8. Epic Pundit: Glenn Greenwald's blog at Salon.com

I love this man. One of the most thoughtful, articulate, and intellectually honest journalists on the web, Greenwald spent much of 2008 delivering a much-needed thrashing to the major media outlets in this country, accusing them of lazy reportage, a lack of intellectual rigor, and general complicity with some of the most egregious offenses of the Bush Administration. Greenwald has been particularly eloquent in his discussions about torture, the clusterfuck at the Justice Department, and domestic spying, but the most effective aspect of his work will always be his media critiques. As the incoming Obama crew ponders the fate of the various goons and thugs in the administration who have clearly committed criminal offenses during Bush's tenure, and most mainstream media outlets continue to ignore this fact (though there are glimmerings of hope at the Times), we need people like Greenwald to remind our less esteemed journalists of troublesome bits of news, like the fact that we've systematically dismantled every facet of the Geneva Convention. You know, along with the news that Joe Biden just bought, like, a totes cute puppy.

7. Epic Aristocrat: Edith Wharton

She's Henry James for people who like plot, or something like that. I don't know what inspired me to pick up The House of Mirth this spring, but I was delighted and surprised to discover a novelist who defied almost all of my preconceptions. Her attitude towards her upper-crust protagonists is far more ambiguous than elegiac, her sense of psychology and interiority is nuanced rather than dimly reflective of the Master, and she only dips into melodrama occasionally (anyone who has made it through Mirth's maudlin ending knows what I mean). The real treat, however, with Wharton is The Age of Innocence, which immediately won a place on my short list for Favorite Novel Ever. Suffice it to say that I embarrassed myself thoroughly by crying through the last two pages on the DC Metro. Edith Wharton won me over so completely, in fact, that I made a trip to Lenox, Massachusetts this autumn to visit The Mount, her majestic country house that is now in a state of fairly sorry disrepair, but still well worth the trip, if only to fiddle with the bathtub in the Henry James Guest Suite.

6. Epic Subculture: 1st Annual Savor festival

In what I hope will become a DC tradition, the first ever Savor beer festival was held in late Spring, and I was fortunate enough to receive a ticket as a gift (they were something like $75). I'm pretty sure that Savor was the biggest beer event ever held in the US in terms of participating breweries or something, and it was truly awe-inspiring. I was able to attend a small beer-cheese pairing session with Garrett Oliver of Brooklyn Brewery (who seemed nice but comes across as a complete dick in a recent New Yorker article), tell an amusing anecdote to Sam Calagione of Dogfish Head as he poured me a World Wide Stout, and discuss the finer points of puking with Rob Tod of Allegash. The only minor hang-up was towards the end of the evening, when I became, for whatever reason, intent on being a part of some guy from Stone's video blog (alas, it was not to be). Every major player in the craft brewery was present, and I found myself reduced to a puddle of goo in front of luminaries like Adam Avery and Tomme Arthur. I've heard that Savor is making a return for 2009, and I strongly urge anyone who cares about beer culture to attend.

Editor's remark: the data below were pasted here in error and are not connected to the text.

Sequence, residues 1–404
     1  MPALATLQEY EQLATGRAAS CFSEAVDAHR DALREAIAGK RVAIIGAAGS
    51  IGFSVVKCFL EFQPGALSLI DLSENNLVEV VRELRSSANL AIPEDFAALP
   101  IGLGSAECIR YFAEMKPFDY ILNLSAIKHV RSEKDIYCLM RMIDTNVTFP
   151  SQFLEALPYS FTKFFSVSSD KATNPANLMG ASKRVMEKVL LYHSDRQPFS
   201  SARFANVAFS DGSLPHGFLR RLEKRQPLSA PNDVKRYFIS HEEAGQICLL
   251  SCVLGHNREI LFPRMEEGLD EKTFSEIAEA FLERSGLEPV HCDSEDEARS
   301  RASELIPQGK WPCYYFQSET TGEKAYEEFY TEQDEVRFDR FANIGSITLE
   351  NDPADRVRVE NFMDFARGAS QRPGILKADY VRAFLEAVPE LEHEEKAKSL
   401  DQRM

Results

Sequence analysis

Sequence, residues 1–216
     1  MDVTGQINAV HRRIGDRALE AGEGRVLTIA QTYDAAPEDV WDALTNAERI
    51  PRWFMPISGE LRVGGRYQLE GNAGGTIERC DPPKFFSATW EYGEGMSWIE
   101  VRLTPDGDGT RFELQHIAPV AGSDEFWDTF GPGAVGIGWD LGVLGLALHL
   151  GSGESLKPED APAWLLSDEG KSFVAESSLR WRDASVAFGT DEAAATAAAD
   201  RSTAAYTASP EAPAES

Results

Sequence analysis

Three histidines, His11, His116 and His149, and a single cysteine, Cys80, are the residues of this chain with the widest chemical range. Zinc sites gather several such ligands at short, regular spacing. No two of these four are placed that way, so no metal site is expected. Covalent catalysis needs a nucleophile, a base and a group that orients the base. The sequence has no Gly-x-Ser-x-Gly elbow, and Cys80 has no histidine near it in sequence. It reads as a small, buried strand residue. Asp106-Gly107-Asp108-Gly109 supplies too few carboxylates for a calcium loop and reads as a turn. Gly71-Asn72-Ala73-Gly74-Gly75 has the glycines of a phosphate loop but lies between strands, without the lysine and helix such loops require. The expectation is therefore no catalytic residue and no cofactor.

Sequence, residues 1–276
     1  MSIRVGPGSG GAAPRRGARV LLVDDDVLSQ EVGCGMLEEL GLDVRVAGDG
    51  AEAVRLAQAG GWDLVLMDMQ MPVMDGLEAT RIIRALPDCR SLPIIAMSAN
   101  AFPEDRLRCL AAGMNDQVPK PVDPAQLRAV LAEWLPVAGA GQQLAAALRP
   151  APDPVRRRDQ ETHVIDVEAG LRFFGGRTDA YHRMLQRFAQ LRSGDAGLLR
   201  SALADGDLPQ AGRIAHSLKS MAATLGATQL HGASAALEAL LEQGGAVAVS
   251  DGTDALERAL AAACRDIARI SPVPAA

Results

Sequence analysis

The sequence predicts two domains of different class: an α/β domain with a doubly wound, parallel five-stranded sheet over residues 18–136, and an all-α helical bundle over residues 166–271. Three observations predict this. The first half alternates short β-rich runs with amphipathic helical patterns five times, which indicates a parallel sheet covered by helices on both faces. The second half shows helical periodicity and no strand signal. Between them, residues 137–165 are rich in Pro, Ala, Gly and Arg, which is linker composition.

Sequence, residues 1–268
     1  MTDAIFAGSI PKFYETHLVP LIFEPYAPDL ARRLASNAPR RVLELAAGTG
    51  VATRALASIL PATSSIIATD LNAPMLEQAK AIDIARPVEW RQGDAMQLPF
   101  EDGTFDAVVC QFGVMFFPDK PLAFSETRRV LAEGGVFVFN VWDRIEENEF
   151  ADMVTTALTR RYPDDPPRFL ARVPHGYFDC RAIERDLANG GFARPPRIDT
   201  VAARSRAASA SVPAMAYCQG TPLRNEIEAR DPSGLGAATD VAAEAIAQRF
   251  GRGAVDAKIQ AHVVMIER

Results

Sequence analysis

5. Epic Tragedy: David Foster Wallace

I always looked slightly askance at the type of person who secured a conspicuous spot on their bookshelf for a copy of Infinite Jest. For years it seemed to signify a certain type of cultural capital that was decidedly smug, and I harbored (and still do) deep suspicions that the majority of the people to whom I refer never made their way through the massive tome. It was primarily this notion of book-as-mark of distinction that made me fairly uninterested in David Foster Wallace's writing (I also used to get him confused with the hack-ish Bret Easton Ellis, so that wasn't particularly helpful either). Thus, having read only his "Consider the Lobster" essay prior to his suicide this year, I was surprised to find myself remarkably affected by his death. I promptly purchased his two collections of essays, Consider the Lobster and A Supposedly Fun Thing I'll Never Do Again (the title essay of the latter being my favorite) and have spent much of the last few months making my way, in many instances several times, through these writings, which are as consistently hilarious and penetrating as they are warm and big-hearted. I still have not tackled Infinite Jest, but the essays have been more than enough to convince me that neither I nor the general public has yet fully appreciated the enormity of our loss.